Perhaps the most basic example of market regulation that is highlighted in the teaching of microeconomics is the case of rate of return regulation in public utility rate-setting.2 In such settings the regulator specifies an allowed return on capital, but if the rate of return is set at an attractive level the firm will select too much capital (e.g., the Averch-Johnson effect). This illustrates the important point that changes in effective relative pricing among alternatives can lead to distortions and substitutions in the resulting quantities. An interesting example along these lines concerns the effect of the surtax on non-contingent compensation over $1,000,000 (Section 162(m) of the Internal Revenue Code) that was enacted in 1993 in an attempt to restrain compensation. While this consequently became a binding ceiling on the base salaries in many cases, firms substituted alternative compensation in order to be able to pay prospective employees their equilibrium compensation level. One could argue that an "unintended" consequence of such legislation was to increase executive compensation. This resulted from the substitution in the form of compensation from the very high tax price of using non-contingent compensation over the threshold as well as the executive's risk aversion, which would imply that more than one dollar of risky compensation could be required as a substitute for one dollar of fixed compensation. Consequently, a tax "intended" to reduce executive compensation could actually increase expected compensation. Perry and Zenner (2001) show that real compensation increased substantially after the enactment of Section 162(m), despite the apparent Congressional intent.
Another important regulatory intervention in the early 1990s with respect to executive compensation was the SEC's 1992 executive compensation disclosure requirements. Some firms and their executives appear to have been anxious to avoid disclosure so a byproduct of these disclosure requirements may have been an increase in the use of forms of compensation for which the required disclosures would not be very transparent. For example, under the 1992 rules the number of option grants, but not their values, would be identified and executive pensions would not be very transparent. Bebchuk and Fried (2004a, 2004b) suggest that the use of executive pensions became more prevalent in response to these disclosure requirements, because of the limited disclosure of this form of compensation. Consequently, these disclosure requirements also induced a variety of substitutions in the form of compensation, which certainly would appear to be an "unintended consequence." These disclosure requirements may have been easier to evade on some dimensions as compared to others, potentially inducing substitutions into the design of the compensation structure.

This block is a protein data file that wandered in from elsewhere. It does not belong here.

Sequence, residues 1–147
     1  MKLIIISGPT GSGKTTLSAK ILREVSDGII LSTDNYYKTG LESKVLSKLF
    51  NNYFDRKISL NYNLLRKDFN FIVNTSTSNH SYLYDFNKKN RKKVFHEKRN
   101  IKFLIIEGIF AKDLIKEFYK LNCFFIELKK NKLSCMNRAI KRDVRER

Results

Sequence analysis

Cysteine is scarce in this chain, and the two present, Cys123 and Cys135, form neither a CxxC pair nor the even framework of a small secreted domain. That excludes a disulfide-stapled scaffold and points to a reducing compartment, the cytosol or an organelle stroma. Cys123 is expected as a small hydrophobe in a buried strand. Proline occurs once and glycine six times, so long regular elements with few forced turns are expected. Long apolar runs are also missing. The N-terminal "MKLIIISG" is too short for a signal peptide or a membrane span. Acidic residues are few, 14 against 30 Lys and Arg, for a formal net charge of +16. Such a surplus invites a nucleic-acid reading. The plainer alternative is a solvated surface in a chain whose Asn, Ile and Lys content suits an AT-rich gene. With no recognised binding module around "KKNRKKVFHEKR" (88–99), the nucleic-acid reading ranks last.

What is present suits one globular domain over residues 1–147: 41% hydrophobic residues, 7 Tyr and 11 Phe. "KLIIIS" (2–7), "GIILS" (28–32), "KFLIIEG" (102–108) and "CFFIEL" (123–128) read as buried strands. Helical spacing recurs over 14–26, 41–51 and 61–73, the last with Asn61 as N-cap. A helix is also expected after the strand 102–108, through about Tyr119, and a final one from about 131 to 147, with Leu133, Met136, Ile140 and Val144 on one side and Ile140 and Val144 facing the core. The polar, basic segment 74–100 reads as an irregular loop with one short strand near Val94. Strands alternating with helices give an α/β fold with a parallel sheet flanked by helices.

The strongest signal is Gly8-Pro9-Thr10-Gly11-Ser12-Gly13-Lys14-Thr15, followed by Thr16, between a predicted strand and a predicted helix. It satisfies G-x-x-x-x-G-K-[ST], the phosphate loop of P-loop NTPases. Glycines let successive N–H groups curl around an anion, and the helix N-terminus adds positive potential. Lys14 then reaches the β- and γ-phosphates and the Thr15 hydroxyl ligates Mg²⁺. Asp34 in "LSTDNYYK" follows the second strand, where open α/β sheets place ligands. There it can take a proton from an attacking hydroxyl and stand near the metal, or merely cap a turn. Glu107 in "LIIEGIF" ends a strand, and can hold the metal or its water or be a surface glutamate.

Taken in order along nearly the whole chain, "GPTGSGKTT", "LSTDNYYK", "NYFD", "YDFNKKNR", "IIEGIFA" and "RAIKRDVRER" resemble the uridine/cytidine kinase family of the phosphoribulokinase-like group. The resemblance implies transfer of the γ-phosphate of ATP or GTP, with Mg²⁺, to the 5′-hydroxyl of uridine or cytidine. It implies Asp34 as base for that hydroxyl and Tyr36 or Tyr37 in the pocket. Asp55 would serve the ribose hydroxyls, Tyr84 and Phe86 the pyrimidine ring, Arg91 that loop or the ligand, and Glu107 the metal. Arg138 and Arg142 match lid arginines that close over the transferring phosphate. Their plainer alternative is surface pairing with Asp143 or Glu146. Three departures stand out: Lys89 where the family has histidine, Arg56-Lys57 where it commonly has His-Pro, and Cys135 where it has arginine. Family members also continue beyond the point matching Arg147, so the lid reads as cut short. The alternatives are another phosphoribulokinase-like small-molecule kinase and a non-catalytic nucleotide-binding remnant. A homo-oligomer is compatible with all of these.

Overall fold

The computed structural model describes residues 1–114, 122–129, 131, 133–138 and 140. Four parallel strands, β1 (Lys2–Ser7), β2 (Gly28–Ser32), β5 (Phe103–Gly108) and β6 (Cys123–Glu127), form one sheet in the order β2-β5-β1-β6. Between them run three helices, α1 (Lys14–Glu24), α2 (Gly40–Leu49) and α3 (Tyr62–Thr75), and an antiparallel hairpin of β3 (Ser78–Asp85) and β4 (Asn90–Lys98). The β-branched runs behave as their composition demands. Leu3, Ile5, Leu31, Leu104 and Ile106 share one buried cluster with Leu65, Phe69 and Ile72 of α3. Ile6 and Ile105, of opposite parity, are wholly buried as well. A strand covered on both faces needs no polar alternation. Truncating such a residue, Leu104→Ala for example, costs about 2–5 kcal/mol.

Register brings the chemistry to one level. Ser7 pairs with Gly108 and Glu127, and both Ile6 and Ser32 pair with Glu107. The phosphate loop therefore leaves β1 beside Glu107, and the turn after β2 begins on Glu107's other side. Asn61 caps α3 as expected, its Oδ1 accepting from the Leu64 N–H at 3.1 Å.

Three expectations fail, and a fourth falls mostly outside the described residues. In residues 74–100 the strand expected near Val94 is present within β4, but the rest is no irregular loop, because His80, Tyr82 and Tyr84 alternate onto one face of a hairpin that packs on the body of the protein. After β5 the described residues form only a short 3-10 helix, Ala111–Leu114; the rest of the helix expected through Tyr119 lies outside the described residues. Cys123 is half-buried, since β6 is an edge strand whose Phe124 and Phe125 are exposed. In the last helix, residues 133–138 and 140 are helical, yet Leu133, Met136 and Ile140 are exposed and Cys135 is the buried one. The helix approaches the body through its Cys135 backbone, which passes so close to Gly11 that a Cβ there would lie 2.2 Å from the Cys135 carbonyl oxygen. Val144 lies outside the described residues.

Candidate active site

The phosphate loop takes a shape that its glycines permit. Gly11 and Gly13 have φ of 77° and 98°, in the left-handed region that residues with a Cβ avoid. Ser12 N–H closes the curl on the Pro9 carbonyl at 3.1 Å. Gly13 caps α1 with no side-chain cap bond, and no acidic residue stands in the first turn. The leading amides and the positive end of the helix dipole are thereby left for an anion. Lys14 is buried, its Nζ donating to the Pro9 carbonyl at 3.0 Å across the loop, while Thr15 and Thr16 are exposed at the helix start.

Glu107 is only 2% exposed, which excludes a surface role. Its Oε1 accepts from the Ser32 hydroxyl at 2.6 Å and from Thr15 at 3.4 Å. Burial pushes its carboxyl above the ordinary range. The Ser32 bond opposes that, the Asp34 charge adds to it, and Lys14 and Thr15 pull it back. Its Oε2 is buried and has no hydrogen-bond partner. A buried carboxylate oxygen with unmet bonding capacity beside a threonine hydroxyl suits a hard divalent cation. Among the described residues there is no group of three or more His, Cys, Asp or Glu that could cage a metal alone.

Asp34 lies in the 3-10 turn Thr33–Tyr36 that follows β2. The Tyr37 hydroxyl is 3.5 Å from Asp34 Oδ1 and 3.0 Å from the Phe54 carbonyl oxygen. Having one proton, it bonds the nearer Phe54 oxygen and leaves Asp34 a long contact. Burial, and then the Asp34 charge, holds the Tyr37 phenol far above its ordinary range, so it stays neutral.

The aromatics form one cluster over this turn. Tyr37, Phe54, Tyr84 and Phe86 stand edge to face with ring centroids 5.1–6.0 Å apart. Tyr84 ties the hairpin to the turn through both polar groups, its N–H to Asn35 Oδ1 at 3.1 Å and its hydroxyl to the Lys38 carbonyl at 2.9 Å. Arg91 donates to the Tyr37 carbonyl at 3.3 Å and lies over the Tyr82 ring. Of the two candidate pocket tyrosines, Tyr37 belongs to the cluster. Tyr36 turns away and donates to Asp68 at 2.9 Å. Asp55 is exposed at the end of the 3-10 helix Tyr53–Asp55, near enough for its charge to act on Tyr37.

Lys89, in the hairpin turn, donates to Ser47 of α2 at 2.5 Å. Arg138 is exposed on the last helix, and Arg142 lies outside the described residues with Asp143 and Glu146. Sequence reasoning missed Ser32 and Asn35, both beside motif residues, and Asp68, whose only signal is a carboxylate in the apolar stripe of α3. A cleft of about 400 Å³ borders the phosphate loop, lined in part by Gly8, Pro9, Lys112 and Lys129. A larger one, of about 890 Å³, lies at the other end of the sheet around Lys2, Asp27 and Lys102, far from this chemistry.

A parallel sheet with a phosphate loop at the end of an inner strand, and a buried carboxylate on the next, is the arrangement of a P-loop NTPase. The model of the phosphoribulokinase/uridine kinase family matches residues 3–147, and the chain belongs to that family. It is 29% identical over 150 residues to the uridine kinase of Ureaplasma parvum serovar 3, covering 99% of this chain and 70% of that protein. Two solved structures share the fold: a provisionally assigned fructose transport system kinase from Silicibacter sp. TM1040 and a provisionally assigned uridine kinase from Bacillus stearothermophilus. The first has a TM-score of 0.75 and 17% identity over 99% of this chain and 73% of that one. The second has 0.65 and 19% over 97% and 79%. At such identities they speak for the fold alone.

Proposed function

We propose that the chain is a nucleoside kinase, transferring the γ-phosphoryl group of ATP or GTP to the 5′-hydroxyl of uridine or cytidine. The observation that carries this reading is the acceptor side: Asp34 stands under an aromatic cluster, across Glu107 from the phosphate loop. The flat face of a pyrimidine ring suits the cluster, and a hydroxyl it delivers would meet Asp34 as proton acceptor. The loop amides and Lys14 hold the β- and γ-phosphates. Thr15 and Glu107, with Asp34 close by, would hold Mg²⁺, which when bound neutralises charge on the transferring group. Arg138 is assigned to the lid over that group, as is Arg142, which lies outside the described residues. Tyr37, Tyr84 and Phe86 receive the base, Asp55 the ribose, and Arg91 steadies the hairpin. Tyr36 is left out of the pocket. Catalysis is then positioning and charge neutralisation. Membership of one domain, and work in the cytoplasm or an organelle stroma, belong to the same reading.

This example highlights several other aspects of the regulatory process. Recently, the SEC proposed new executive compensation rules, reflecting concerns about the current effectiveness of the 1992 disclosure requirements. This new proposal emphasizes the disclosure of appropriate dollar values on "all" compensation, which could potentially reverse substitutions in the form of compensation that may have been artificially induced by the 1992 compensation disclosure requirements. This example points out that regulatory changes may be an evolving process. Practitioners design structures to optimize their goals in the face of current taxes and regulatory restrictions. The response of practitioners to regulation may lead regulators to introduce additional changes to the regulatory framework. Arguably, the current SEC proposal reflects less than complete satisfaction with the current performance of the 1992 executive compensation disclosure requirements. This highlights an interesting aspect in assessing proposed rules to what degree will the practices adjust in response to new rules and regulations?
This type of dynamic is widely understood in the tax arena where sophisticated practitioners identify a range of tax-advantaged strategies under the prevailing rules, but recognize that the underlying tax rules are not fixed indefinitely. Indeed, the Internal Revenue Service identifies what it views as "loopholes" based upon prevailing practices, seeking to change the relevant rules to tighten these "loopholes." In a different context in Washington, D.C. much of the debate in the assessment of the impact of tax legislation concerns the appropriateness of "dynamic scoring" techniques for evaluating the revenue consequences of tax proposals that are anticipated to change behavior.
Another question suggested by the compensation example is the impact of disclosure requirements on the overall level of compensation. From the perspective of economic theory, will disclosure requirements reduce or alternatively, increase the equilibrium structure of compensation? While one intuition is that disclosure might reduce compensation by reducing the extent of the agency conflict, there also are implications for the bargaining process between the firm and senior executive. For example, if the more complete disclosure of compensation resulted in an executive being less willing to serve in such roles due to his reduced privacy, then the equilibrium compensation would increase due to a compensating differential.3 How would disclosure of executive compensation alter the bargaining power between the parties by changing their information about the compensation of other executives? while some information is available through paid compensation consultants, often used on both sides of the negotiation, the nature of the available information would be enhanced by public disclosure of executive compensation. Notice that the effect being highlighted is actually a cross-firm effect, i.e., the compensation for the executive of a particular firm is potentially altered by the disclosure of compensation statistics of other firms. This is an issue that seems ripe for interesting analysis by microeconomic and financial theorists. More broadly, the impact of enhanced disclosure on market equilibrium is not fully resolved, but is an important issue. The recent analysis by Swan and Zhou (2006) provides some Canadian evidence that greater executive compensation disclosure led to enhanced incentives and through that to higher compensation.